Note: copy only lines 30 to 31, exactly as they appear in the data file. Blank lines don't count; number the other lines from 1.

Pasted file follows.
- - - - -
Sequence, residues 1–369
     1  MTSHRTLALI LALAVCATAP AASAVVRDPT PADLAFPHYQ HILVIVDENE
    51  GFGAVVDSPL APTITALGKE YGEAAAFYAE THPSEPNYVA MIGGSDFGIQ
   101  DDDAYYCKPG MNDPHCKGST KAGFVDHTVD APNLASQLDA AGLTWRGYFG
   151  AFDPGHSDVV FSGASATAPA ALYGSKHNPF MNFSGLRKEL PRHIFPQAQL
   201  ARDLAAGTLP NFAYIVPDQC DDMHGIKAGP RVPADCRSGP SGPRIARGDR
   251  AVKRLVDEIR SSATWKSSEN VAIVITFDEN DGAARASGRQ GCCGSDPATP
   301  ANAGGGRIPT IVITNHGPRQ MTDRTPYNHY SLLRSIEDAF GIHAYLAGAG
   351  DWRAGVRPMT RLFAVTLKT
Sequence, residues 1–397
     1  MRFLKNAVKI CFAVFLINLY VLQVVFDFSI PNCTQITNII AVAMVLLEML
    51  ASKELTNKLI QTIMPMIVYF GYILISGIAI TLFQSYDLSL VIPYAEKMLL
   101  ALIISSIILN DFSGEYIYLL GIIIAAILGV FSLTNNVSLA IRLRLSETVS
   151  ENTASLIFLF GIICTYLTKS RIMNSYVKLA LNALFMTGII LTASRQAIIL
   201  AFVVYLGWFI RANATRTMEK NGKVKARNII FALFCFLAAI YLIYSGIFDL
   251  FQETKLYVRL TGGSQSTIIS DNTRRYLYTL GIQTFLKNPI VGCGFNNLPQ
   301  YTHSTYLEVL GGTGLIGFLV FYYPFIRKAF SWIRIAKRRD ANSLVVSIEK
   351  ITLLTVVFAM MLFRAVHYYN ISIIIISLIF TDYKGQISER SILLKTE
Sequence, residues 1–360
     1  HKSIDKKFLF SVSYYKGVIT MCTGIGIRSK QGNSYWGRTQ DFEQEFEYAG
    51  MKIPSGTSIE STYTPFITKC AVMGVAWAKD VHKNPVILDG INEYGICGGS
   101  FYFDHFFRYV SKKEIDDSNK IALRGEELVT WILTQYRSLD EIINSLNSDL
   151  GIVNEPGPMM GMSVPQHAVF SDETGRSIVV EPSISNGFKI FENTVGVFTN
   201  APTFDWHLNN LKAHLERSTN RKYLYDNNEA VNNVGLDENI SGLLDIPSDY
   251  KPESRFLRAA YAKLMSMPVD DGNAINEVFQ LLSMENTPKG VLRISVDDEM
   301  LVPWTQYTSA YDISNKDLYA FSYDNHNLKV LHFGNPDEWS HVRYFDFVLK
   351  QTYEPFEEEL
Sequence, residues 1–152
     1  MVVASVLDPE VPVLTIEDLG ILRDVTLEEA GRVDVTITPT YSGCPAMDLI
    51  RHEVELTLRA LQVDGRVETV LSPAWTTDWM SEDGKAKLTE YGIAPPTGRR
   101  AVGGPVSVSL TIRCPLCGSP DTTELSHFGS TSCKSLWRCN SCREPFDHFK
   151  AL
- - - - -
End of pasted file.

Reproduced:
    51  RHEVELTLRA LQVDGRVETV LSPAWTTDWM SEDGKAKLTE YGIAPPTGRR
   101  AVGGPVSVSL TIRCPLCGSP DTTELSHFGS TSCKSLWRCN SCREPFDHFK